April sees longer days and hopefully warmer temperatures. Spring bulbs bring welcome colour to borders and pots and the veg garden starts to fill up with new plantings. There’s plenty to do to get your garden in shape but don’t panic, take things one step at a time and you’ll get it all done. It’s important to take a few moments to sit in the sun, listen to the birds and plan your gardening.

The lengthening days however do make it the perfect time to set up the garden for summer.

April, as they say, is the cruellest month with sun one minute and frosty mornings and bitter winds the next. In the April garden tender young leaves are prone to frost burn and judging what to do when is tricky. 

It’s all a question of timing.

So, roll your sleeves up, grab your tools and sow, plant, feed and tidy. It’s good for the garden and good for the soul…

1. Flower seeds you can sow this month 

If you haven’t already sown sweet peas now is your last chance. Sow into deep pots or root trainers as they dislike disturbance to their roots. Or, instead, look out for young plants in nurseries and garden centres. Check whether they are grown for scent or for cutting. Some longer stemmed varieties may smell less strongly.

Sow marigolds, petunias, nasturtiums, asters, zinnia and salvia indoors or in the greenhouse. 

Outdoors you can sow native wildflowers and hardy annuals such as poppies and sunflowers.

2. It’s now all action on the veggie front  

The soil should now be warm enough for seeds to germinate so, once the nights begin to warm up find room for carrots, parsnips and beetroot. 

Start sowing spinach and chard. These can go direct into the soil and will need to be watered well until they get going. Avoid letting them dry out or they might bolt.

Sow broccoli, kale and Brussels sprouts for winter. Sow individual seeds into modules and leave to germinate either in the green house or a windowsill. They should appear within a couple of weeks. Once they have reached about four inches they can be hardened off and then planted outside.

Sow runner and French beans two to a small pot indoors or under glass. Keep the soil moist and they should soon germinate.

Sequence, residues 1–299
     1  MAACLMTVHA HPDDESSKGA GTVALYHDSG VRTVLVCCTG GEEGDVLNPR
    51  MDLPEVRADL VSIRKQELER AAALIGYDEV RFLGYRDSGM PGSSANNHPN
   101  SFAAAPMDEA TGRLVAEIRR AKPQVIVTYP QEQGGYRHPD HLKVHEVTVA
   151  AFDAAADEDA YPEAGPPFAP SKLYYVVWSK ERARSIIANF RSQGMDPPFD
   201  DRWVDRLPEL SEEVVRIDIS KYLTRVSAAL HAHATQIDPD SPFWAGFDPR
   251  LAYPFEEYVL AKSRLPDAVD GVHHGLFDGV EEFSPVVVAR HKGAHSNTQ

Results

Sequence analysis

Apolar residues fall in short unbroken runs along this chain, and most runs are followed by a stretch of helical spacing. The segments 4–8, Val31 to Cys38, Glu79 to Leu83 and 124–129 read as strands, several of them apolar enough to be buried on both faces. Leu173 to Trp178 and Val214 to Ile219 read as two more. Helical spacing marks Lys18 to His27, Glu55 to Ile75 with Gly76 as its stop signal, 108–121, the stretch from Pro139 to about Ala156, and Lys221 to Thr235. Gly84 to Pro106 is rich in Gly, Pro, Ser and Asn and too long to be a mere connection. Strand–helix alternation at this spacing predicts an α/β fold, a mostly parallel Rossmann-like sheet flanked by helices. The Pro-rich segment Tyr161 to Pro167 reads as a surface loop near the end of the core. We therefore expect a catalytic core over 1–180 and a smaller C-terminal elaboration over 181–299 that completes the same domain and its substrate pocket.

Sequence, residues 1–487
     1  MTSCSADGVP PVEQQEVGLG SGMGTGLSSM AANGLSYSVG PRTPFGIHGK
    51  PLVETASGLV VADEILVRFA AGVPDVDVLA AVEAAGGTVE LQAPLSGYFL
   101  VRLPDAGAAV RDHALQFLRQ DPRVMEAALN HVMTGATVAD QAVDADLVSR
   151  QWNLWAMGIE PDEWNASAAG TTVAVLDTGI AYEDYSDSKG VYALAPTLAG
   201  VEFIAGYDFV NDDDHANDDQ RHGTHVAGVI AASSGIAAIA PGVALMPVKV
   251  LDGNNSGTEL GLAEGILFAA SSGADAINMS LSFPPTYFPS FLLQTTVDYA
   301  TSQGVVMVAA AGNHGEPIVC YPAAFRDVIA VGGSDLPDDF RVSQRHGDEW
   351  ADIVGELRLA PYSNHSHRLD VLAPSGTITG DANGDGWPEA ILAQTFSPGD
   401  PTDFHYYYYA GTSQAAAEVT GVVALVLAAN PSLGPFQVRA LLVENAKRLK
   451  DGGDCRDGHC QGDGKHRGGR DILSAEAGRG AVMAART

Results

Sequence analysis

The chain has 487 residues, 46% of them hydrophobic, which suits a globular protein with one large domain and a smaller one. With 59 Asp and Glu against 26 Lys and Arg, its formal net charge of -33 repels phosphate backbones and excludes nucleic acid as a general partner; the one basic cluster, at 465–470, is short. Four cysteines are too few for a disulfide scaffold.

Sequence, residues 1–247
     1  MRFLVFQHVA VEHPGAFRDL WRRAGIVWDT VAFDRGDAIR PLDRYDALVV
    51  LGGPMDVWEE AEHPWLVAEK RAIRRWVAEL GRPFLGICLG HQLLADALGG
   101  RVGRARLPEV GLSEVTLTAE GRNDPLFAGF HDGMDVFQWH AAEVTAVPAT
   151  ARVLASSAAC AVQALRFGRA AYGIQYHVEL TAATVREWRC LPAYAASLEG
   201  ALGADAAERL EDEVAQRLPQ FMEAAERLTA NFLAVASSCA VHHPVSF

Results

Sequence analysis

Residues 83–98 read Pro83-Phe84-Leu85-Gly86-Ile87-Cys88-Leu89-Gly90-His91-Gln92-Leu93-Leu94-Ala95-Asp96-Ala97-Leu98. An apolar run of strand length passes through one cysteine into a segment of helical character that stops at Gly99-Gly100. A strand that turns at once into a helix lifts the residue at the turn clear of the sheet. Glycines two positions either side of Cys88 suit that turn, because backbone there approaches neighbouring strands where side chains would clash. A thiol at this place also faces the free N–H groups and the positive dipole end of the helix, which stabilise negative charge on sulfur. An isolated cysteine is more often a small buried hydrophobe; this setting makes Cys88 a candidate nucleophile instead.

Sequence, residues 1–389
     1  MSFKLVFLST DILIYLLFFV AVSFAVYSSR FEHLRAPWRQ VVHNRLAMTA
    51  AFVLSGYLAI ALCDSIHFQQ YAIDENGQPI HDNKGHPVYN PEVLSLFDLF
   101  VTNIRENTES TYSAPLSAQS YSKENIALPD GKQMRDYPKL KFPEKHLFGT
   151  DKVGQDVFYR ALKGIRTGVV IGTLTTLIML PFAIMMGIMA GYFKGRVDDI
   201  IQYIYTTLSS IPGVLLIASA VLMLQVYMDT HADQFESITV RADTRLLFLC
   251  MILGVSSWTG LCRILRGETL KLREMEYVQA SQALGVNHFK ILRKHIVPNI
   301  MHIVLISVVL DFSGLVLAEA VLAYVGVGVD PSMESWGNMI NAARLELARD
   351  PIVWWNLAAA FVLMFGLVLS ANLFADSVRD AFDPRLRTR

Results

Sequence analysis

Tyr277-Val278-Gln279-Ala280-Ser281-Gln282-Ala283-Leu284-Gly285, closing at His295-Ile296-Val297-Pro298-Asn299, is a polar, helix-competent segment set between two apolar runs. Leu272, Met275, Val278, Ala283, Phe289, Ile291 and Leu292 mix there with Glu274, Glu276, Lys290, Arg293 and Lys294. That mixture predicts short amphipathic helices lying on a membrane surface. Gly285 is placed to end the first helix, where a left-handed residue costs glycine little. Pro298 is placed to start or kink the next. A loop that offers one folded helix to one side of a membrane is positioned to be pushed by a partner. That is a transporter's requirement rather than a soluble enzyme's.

Potatoes need to be planted this month. New potatoes go in early to mid April. Maincrops follow in the second half of the month but exactly when you plant your potatoes will depend on local conditions. The key is to avoid emerging foliage being burned by frost. New potatoes (also known as First and Second Earlies) should be spaced a foot apart.

3. Time to plant dahlia tubers 

Bringing dahlias in for the winter doesn’t just protect them against frost. It also allows them to dry out properly, and helps you bring them on a bit earlier. They’re now ready to be planted.

Give tubers a sprinkling of water in early spring, and they’ll start to produce young shoots in April. 

Dig a planting hole, making sure it isn’t too deep. The shoots are still delicate, and you don’t want to damage them.

Gently pour coarse sand over the tubers; this prevents them from rotting and it’s also a great slug repellent.

Backfill with soil and add a ring of sand to mark the planting spot. 

4. Remember the container growing option 

It doesn’t matter how small your outdoor space is, there’s always an opportunity to grow your own vegetables and fruit, even on a patio or balcony. You will have to water and feed container-grown crops more rigorously than those in the ground.

Which pot or container for growing produce?

There’s lots of choice. There are tiered strawberry pots, which can look wonderful when well cared for.There are veg trugs, raised off the ground to waist height, where you can mix and match low-growing leafy crops such as lettuces, herbs and courgettes.

Pots come in all shapes and sizes, although if you’re planning to grow a long-term patio fruit tree for instance, your pot should be rugged, squat and frost-resistant. Bush tomatoes with a tumbling habit can be grown in hanging baskets, as can strawberries and shorter chillies. Large pots are useful for tripods of vegetables, including climbing beans, and colourful garden peas.

You can use a variety of materials for summer use, including baskets, galvanised metal and glazed pots.

Make sure, whichever pot you choose, that there’s a good-sized drainage hole in the base.

5. Re-energise your garden soil

It’s one of the oldest clichés in gardening: the answer lies in the soil. And as all good gardeners know, it’s true! Improving soil now will pay dividends come summer, resulting in bigger crops and more flowers. Buy sacks of well-rotted manure and dig or fork it into border soil and vegetable patches (don’t let manure touch stems of shrubs and plants). If you don’t have access to manure, the contents of your compost bin can work wonders. Open the access hatch at the bottom and if the material inside is brown and crumbly, it’s a nutrient-rich wonder that’s ready to be dug into soil.

6. More April garden jobs

  • Keep azaleas and rhododendrons looking good by pinching off fading flower heads above a new set of leaves.
  • Deadhead early flowering primulas as early as possible, as they tend to cross-breed very easily.
  • Early April is your last opportunity to hard-prune late-flowering shrubs.
  • Stake your perennials before it’s too late. Create attractive willow or hazel structures.
  • Remove pure green branches from variegated shrubs, such as elaegnus, privet and euonymus – cut them right back to the main stem with secateurs.
  • Start spraying roses using an organic-approved garlic formula; the key is to start early and spray often.

7. When, where and how to sow seeds with minimal effort